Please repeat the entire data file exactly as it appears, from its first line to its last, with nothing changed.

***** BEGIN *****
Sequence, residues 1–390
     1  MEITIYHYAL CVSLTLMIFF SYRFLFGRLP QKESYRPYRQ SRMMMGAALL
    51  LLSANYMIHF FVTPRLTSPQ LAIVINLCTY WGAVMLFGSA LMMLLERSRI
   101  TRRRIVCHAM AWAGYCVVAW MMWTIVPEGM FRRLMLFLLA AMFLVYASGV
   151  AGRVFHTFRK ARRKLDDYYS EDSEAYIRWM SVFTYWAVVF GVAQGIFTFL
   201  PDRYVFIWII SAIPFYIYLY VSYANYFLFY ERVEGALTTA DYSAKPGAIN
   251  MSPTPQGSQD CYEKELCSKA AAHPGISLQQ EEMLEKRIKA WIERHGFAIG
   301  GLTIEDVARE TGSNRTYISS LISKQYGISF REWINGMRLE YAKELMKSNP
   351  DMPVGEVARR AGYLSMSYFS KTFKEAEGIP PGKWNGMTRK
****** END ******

Sequence, residues 1–390
     1  MEITIYHYAL CVSLTLMIFF SYRFLFGRLP QKESYRPYRQ SRMMMGAALL
    51  LLSANYMIHF FVTPRLTSPQ LAIVINLCTY WGAVMLFGSA LMMLLERSRI
   101  TRRRIVCHAM AWAGYCVVAW MMWTIVPEGM FRRLMLFLLA AMFLVYASGV
   151  AGRVFHTFRK ARRKLDDYYS EDSEAYIRWM SVFTYWAVVF GVAQGIFTFL
   201  PDRYVFIWII SAIPFYIYLY VSYANYFLFY ERVEGALTTA DYSAKPGAIN
   251  MSPTPQGSQD CYEKELCSKA AAHPGISLQQ EEMLEKRIKA WIERHGFAIG
   301  GLTIEDVARE TGSNRTYISS LISKQYGISF REWINGMRLE YAKELMKSNP
   351  DMPVGEVARR AGYLSMSYFS KTFKEAEGIP PGKWNGMTRK